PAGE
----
On Nap Eyes’ fourth LP, Snapshot of a Beginner, singer/guitarist Nigel Chapman contemplates individualism in many of its forms.
Such introspection is nothing new for him. He has sought universal and personal truths throughout all the Halifax band’s albums. But what is new for Nap Eyes on Snapshot is their evolved songwriting and, thanks to producers James Elkington and Jonathan Low, fuller sound. Along with Seamus Dalton on drums, Joshua Salter on bass, and Brad Loughead on guitar, Elkington also helped flesh out the arrangements by contributing piano, organ, synthesizer, pedal steel, and guitar, while Low also contributed keys.
There’s always a weight to Nap Eyes’ music, as thoughts hang heavily on Chapman. You can feel it right away on Snapshot’s weary opening track, “So Tired.” The term folk rock has always been a couple of sizes too big to fit Nap Eyes, but here, they undeniably lean into a country twang, as he talks to himself in third person: “Nigel you’re so scared / Of people trying to control your life and criticize you / Change what you do / Make you have to admit / Anyone else knows better than you do.”
On “Mystery Calling,” which ripples with faint piano and tepid drums like a moonlit pond coming alive with nocturnal life, Chapman tackles procrastination and initiative: “I’ve got some work today / Not the kind that’s fun to play / I’ve got some work to do today / Maybe I should forget my song / Just procrastinate /…/ If you don’t look at yourself, who’s going to be the one? / If you don’t try to figure it out / Who’s going to do it for you?”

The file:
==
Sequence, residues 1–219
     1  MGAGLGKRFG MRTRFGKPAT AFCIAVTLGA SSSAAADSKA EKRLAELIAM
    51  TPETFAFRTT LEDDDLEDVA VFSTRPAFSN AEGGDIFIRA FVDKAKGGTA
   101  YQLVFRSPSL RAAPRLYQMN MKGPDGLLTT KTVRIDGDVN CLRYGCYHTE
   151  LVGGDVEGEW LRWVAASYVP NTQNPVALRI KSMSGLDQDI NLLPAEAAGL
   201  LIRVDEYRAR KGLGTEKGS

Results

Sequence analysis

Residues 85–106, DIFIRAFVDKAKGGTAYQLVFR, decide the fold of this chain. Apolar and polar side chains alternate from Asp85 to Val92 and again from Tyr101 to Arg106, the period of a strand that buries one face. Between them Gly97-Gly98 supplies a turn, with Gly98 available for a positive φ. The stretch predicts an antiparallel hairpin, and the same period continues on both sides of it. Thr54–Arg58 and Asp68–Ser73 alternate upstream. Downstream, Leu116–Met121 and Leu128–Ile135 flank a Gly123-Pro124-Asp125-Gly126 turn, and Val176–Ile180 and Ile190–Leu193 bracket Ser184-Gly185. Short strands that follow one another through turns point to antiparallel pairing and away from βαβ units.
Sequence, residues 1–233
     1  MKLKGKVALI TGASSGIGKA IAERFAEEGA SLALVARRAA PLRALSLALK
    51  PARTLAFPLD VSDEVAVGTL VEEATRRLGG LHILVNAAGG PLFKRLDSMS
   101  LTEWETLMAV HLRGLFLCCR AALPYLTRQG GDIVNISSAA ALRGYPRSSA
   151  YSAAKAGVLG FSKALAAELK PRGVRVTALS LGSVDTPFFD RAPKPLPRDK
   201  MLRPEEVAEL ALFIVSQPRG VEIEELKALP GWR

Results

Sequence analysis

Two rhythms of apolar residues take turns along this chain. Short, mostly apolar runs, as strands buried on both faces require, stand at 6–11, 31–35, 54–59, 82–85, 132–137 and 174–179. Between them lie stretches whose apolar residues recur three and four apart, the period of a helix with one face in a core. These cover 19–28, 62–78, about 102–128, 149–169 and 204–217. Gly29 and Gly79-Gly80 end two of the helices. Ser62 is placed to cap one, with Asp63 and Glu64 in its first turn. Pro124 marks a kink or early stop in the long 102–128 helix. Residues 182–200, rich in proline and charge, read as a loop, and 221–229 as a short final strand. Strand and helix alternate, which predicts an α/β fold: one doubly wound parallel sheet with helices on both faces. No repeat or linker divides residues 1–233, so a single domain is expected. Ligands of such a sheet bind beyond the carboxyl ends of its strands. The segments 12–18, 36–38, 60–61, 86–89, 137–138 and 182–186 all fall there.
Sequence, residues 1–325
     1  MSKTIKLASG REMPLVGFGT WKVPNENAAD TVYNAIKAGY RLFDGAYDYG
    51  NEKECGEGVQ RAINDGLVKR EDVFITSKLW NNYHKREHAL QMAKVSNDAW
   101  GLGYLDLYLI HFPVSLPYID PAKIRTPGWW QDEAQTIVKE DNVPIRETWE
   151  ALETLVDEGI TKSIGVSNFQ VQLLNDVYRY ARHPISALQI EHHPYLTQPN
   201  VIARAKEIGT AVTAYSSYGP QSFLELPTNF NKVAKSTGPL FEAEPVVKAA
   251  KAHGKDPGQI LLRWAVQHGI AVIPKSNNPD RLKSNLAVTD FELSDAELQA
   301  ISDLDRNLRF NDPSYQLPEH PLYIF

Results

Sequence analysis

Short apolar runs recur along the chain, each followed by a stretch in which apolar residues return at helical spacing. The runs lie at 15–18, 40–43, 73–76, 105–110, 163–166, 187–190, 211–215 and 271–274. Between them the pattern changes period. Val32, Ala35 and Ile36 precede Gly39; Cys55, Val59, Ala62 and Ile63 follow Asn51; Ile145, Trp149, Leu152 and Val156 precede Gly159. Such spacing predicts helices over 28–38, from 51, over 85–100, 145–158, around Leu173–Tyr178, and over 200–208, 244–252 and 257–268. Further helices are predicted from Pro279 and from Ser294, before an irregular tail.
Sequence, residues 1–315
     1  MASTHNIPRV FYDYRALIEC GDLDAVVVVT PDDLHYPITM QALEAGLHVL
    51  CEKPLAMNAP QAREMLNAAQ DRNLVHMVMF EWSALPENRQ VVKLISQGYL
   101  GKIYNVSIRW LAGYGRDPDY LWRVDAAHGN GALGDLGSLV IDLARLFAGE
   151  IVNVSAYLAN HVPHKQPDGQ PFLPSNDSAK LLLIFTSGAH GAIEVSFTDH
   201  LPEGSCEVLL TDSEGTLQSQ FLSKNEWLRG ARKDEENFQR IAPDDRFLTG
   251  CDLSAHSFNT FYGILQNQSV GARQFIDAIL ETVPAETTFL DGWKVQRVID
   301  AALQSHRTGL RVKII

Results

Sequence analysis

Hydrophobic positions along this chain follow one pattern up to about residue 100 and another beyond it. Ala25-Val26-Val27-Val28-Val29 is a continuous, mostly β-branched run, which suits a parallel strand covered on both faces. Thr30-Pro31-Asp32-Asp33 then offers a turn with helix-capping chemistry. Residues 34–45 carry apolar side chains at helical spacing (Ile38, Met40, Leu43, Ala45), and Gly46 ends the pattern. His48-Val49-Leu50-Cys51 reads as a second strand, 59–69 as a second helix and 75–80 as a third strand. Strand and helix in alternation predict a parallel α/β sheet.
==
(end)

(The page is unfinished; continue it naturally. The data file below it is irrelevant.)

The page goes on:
Chapman is creatively frustrated on the sprightly, galloping “Though I Wish I Could.” He’s rendered bored and boorish and feels like a phoney and a loser because of writer’s block. He’s also frustrated in realizing he’s been a “self-righteous pawn” in someone else’s game that has guided his destination. The song can be heard as both a cry for autonomy and a mission to prove himself as a songwriter, if not to others, then to himself.
Chapman even traces individualism to the beginning of life on “Primordial Soup,” referencing “a molecule different from every other one” that would eventually replicate itself and become the “alma mater of all life to come.”
To Chapman, not being able to be an individual means losing his freedom. “What would that make you feel like / If you couldn’t do the things that you like to do anymore / ‘Cause you were in prison?” he asks on the absolute blowout, “If You Were in Prison.”
Even though much of Snapshot is preoccupied with the self, Chapman does desire to connect with and even understand others. On the pedal steel whining “Even Though I Can’t Read Your Mind,” he sings, “Even though I can’t read your mind / Sometimes I still can see it in your eyes / That you’re not really too curious about what makes me tick / But of course that’s only one side though / … / Even though I can’t read your mind / Sometimes I still can see it in your eyes / That you’re not really too worried about what makes me who I am.”
Later, on the nearly eight-minute “Real Thoughts,” Chapman sings, “Please share your real thoughts with me / I don’t want to be hidden in a shroud / I don’t want to be hidden from those around me.” With Snapshot of a Beginner, he continues making connections and clearing the fog around his self-awareness one album at a time.
review by Leslie Chu